AMERICAN
HISTORY
S(PREE)

2015-2019 were the deadliest years

for mass murder in US history, with the most shootings, deaths, and casaulties ever recorded.

AHS is a feature documentary designed to help us better understand, heal from, and prevent mass shootings.  It is based on the premise that we are stuck, and that the path to getting unstuck involves opening our minds, looking in new directions, and asking new questions.

In the 20 years since the attack on Columbine High School, mass shootings have only gotten worse.  Reducing the problem to the false dichotomy of guns vs mental health has done nothing to alleviate the violence.  Yet we continue to have the same reactions and debates in the aftermath, expecting a different result and getting no where.  Instead of asking "Why?" AHS asks "Why are we still asking 'why'?" 

 

In order to spark new ideas, AHS shines a light on people on the front lines, experts and civilians alike, who are working to end the cycle of escalating mass violence.  Their messages and stories offer invaluable insights and hold a mirror up to society, asking the audience to question their own role and dares them to believe they can be part of the solution. 

 

More than a documentary, AHS is a call to action for viewers to become participants in creating a less violent future.  Once we stop looking for simple problems and silver-bullet solutions, we start to appreciate the complexity of the confluence of issues at hand and a plethora of new solutions comes to light. 

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ACT I - Trauma

20 years after the attack on Columbine, mass shootings are at an all-time high and nothing we've done to stop them has worked.

Act I sets out to discover how we've been impacted by years of escalating violence, and why we seem incapable of progress.  Psychologists explore the effects of cascading traumas on our society, destroying the sanctity of public spaces and affecting all our mental health.  Their penetrating insights are mixed with astounding archival materials, a virtual timeline, info graphics, and news clips.  AHS includes perspectives from all the stakeholders, including the perpetrators, whose identities and lives are often ignored, in order to shed light on how the phenomenon has impacted all of us.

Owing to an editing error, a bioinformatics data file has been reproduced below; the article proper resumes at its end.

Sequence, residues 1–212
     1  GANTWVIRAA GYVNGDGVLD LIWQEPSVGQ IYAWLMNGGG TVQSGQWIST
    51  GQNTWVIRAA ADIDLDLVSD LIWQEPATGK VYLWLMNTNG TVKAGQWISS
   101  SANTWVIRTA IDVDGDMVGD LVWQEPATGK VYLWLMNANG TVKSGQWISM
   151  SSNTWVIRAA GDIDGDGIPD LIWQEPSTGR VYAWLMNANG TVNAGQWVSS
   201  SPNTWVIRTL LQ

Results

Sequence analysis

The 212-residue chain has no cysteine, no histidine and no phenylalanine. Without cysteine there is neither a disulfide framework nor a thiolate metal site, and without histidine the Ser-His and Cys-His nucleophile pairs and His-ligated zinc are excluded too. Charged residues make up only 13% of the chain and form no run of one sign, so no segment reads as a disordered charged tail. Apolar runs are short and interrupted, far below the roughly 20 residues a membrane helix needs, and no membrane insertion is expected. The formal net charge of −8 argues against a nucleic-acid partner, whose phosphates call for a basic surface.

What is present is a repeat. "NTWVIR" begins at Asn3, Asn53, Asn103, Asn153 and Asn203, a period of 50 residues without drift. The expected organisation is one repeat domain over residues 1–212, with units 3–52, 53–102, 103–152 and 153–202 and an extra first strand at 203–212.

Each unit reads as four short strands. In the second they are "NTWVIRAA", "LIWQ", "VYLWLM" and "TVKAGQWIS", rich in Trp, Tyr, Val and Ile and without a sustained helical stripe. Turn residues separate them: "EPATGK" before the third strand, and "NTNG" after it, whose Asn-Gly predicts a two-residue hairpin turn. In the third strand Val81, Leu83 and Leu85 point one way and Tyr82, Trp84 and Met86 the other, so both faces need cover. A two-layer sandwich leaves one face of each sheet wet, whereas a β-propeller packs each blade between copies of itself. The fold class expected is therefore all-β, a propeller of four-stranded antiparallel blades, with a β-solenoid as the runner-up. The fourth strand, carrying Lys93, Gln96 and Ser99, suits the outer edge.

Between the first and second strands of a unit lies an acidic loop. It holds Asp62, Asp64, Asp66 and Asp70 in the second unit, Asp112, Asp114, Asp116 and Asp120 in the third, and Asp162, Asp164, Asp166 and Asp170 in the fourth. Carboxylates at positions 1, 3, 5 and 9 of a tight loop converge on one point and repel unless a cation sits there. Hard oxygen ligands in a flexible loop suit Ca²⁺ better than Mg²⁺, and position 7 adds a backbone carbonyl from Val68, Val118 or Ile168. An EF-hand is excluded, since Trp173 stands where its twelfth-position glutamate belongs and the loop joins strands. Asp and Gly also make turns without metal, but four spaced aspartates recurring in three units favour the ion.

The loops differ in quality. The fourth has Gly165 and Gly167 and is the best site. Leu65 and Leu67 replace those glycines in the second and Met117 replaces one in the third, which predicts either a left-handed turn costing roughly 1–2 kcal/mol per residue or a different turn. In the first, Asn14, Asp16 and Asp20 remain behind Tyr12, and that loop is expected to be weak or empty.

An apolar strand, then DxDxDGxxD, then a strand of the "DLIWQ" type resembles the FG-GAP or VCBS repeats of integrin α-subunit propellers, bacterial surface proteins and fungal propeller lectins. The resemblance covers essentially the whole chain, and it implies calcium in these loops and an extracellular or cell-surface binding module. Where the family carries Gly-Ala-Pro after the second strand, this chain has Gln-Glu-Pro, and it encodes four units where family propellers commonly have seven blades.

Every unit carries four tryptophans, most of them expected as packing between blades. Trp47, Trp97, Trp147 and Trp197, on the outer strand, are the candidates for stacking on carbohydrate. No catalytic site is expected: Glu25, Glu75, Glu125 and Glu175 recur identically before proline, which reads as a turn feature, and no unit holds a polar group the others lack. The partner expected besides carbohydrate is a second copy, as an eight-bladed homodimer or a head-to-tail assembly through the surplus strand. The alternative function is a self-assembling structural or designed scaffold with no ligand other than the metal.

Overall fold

~ The Violence Project shares their groundbreaking study, reveals our misconceptions & highlight the warning signs
~ 20 year old Nathaniel Jouett reflects on the factors leading him to shoot 6 people at his local library, while serving a life sentence
~ Psychiatrist Dr. Bessel van der Kolk discusses the way our bodies and minds are impacted by trauma and how we can heal
~ Fredrick Brennan, founder of 8chan, a cesspool for mass shooters, talks about the dangers of the web’s dark subcultures

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ACT II - The Obstacles

Terms & Confusion
There is no single perfect term or definition to describe the unique type of mass murders our society is grappling with.   

A variety of organizations are tracking data according to their own criteria, creating wildly different pictures of the frequency

of mass shootings.  The etymology of the words used to describe mass murders reveals a colorful history of global mass murders.

Collective Trauma